Remaining Wall of the Lancaster Jail
Later, Governor John Penn declared the violent acts of the Paxton Boys a homicide and placed the remaining 14 members of the Conestoga Tribe in the Lancaster Jail for their own protection.  The Paxton Boys were furious that the local government was protecting the Indians over the needs of western settlers and decided to take action in response to Governor Penn's words.  Two weeks after their initial attack, the Paxton Boys returned to Lancaster city, broke into the jail and dragged the defenseless Indians, pleading for their lives, into Prince Street where they killed every one of them and mutilated their slain bodies.  Of the dead were 8 children and not one citizen who witnessed the carnage in broad daylight attempted to stop the attack.  It was soon known as the Conestoga Massacre and thus ended the treaty signed by their ancestors with Pennsylvania's founder William Penn in 1701 giving them the right to peacefully live on protected land within Lancaster County.  The Holy Experiment had failed.    

The Fulton Theater Circa 1880
(Image Credit / Pennsylvania State Archives)
Warrants were issued for the murderers but not one person came forward to name a single conspirator and the crimes went unpunished.  Native Americans of remaining nations within the colony discretely traveled to Philadelphia where they were given asylum in an army barracks within the city by the Colonial Assembly now led by Benjamin Franklin.  The Paxton Boys would attempt one more time to eradicate the colony's Indian population through genocide by marching a mob of 250 men to Philadelphia where they were confronted by soldiers of the colonial militia, British infantry, and Ben Franklin himself, who eventually defused the situation through deliberations. Many of the Native Americans remained at the barracks in Philadelphia out of fear for their safety but sadly, a third died of the smallpox virus in the overcrowded accommodations.  The members of the Paxton Boys were never brought to justice and faded into obscurity along with the ghosts of the massacred.

Remaining Door / Wall of the Jail
The Lancaster Jail was later demolished and became a construction site for the future theater and opera house.  The rear stone wall facing away from North Prince Street remained intact and was incorporated into the new building.  As a result, a connection to the Conestoga Massacre in 1763 still remains attached to the theater.  A small plaque mounted on the exterior of the rear wall remembers the event.  The theater was completed in 1852 and was named for local resident Robert Fulton, who was an inventor and pioneer in steam technology.  He is most noted for successfully applying steam power to river boats with the launch of the Clermont in 1807.  His work in the field later led to two way travel on the Mississippi River during the Transportation Revolution.  His image is incorporated within the front facade of the theater in the form of a life-size sculpture that stands within a center window well, just above the lighted marquee.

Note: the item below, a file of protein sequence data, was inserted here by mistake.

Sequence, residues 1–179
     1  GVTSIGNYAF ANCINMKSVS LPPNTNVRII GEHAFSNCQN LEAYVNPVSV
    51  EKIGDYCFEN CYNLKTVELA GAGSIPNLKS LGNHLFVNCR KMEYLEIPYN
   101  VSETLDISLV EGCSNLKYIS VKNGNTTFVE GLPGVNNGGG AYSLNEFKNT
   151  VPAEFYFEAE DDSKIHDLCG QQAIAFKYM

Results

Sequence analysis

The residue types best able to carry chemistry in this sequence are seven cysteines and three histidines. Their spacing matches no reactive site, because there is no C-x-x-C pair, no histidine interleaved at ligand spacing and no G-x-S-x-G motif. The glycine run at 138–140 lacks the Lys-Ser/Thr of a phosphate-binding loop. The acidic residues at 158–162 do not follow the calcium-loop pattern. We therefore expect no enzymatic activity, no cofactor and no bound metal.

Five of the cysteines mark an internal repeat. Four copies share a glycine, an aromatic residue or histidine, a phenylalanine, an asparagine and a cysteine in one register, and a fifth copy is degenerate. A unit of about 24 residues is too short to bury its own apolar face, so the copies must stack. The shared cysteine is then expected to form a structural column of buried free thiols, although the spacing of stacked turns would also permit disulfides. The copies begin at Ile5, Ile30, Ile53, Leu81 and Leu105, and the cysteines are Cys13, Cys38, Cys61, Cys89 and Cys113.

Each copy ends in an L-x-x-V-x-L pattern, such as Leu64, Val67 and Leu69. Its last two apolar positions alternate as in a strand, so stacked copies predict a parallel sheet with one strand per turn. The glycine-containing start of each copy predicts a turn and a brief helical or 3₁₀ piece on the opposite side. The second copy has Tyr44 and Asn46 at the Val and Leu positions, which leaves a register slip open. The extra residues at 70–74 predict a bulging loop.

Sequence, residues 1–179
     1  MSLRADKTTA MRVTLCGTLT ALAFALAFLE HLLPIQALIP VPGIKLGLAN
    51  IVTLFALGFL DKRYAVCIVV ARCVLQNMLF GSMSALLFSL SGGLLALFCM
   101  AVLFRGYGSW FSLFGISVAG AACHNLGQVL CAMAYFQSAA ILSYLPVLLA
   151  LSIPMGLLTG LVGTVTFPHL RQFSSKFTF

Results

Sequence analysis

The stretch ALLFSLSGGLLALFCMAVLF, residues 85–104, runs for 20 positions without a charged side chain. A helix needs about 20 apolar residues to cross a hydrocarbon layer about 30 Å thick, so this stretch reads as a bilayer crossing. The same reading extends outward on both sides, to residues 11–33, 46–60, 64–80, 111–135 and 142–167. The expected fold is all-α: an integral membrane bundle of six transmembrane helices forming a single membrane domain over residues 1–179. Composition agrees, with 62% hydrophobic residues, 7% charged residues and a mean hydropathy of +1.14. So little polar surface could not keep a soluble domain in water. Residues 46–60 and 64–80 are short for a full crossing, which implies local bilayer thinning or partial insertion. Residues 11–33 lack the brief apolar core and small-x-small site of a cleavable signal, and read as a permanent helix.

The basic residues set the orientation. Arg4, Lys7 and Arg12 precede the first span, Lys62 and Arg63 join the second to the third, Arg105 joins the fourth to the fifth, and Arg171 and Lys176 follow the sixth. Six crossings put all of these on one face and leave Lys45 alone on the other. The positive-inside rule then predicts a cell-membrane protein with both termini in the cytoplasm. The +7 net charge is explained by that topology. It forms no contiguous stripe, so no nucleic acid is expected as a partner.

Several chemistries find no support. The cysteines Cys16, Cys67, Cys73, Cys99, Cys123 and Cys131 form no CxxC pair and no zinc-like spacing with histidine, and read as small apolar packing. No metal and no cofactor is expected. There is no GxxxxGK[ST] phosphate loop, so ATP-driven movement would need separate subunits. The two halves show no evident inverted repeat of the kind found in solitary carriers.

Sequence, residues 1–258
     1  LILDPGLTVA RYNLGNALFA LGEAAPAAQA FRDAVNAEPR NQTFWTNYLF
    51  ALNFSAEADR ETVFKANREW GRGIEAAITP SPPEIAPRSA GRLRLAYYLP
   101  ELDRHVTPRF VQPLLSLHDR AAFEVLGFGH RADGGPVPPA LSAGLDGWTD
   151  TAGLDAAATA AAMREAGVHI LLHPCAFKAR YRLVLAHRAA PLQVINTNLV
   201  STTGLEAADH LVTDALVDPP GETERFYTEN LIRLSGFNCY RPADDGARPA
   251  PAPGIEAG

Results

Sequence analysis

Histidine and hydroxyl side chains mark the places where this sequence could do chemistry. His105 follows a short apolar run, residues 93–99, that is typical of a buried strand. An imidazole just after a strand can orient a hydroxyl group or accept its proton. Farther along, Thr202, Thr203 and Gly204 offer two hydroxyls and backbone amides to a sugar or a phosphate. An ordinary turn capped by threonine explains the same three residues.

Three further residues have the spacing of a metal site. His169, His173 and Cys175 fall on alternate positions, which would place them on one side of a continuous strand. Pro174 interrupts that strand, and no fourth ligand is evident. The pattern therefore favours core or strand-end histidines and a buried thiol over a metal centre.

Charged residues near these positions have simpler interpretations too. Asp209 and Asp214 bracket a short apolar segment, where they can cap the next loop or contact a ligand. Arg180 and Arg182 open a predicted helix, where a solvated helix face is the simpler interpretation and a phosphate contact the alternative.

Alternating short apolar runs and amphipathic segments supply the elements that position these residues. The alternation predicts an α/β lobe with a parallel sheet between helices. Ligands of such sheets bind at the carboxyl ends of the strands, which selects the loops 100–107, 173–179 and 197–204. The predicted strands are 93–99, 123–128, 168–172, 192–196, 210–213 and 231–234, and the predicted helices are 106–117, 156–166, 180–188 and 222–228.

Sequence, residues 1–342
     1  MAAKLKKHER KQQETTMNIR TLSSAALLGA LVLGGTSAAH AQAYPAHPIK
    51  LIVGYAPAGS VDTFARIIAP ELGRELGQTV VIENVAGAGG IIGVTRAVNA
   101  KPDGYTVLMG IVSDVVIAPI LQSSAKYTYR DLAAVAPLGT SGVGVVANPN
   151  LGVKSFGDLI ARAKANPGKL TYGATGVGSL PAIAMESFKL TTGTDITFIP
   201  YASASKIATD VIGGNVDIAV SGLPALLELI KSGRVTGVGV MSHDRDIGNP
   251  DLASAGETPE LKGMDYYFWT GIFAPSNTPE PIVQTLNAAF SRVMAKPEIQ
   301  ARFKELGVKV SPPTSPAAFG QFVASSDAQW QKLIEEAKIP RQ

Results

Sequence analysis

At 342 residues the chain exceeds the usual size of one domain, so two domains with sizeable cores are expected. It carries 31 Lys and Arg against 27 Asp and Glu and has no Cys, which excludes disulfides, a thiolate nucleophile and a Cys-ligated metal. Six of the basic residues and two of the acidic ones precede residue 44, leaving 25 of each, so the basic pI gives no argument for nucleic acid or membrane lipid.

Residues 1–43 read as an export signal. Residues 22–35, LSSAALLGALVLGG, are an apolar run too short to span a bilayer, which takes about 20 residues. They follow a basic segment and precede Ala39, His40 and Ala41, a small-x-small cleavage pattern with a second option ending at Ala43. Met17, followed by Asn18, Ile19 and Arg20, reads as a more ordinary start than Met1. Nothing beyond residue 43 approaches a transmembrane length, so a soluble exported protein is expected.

The Fulton Theater Today
Katelyn and I headed down North Prince Street in search of parking and pulled into the Prince Street Garage right across the street from the Fulton.  It was a beautiful Saturday afternoon and the streets were alive with pedestrians exploring the city.  The theater just went through a major 9.5 million dollar renovation project in 2005 and the exterior of the building looked unchanged compared with historic photos I had viewed researching Lancaster's history over the years.  The only modern addition was the lighted marquee of the art deco era that gives the theater its bright glitz at night.  Just inside, we entered the Steinman Lobby and were shown into the beautiful theater.  The concave shaped lines of seats were covered in bright red fabric which gave the old classic feel of a bygone era permeated with class and style.  The ornate moldings that joined walls and ceilings were painted in shades of red and gold suggesting wealth.  The colors of the space were complimented by marble columns and elegant chandeliers, making the theater feel like a palace.  The theater itself was the star of the show.

The Interior Theater Entrance
Our seats were amazing, located right in front of the stage, four rows behind the orchestra pit, front and center.  I asked an usher if I could take a few photos of the theater's interior before the musical began and was surprised to get the ok, with the promise to put my camera away when the show began.  Scouts honor!  I was curious to see how they were going to produce a musical with a car on a small stage.  It turns out the complex sets full of Caractacus Potts' contraptions were amazing and somehow navigated their way within the confined space of the stage.  The car was incredible and looked like it could still win the British Grand Prix.  The musical production of Chitty Chitty Bang Bang was fun, full of humor, and right up Katelyn's alley!  The child actors didn't miss a note or step and put on an amazing performance.  We were both more than impressed!  

Theater Seating / Mezzanine Level
At the midway point in the story there was a break for a fifteen minute intermission to stretch our legs and seek the facilities.  We passed out a side door to the bathrooms and ran right into history.  Part of the plaster wall was purposely removed to reveal part of the original jail wall in the form of a segmental arched doorway.  A mounted plaque gave a full description of the artifact identifying the arch as part of the third expansion construction project of the former jail.   The lights dimmed signaling it was time to get back to our seats before the curtain opened for the next act.  The second half of the show included 30 local young actors playing the children hiding underground from the dreaded Child Catcher... I hate that guy!  The Fulton operates several community outreach programs including those designed to encourage young people to become involved in the arts.  I was later told many of the child actors in the performance were associated with those programs.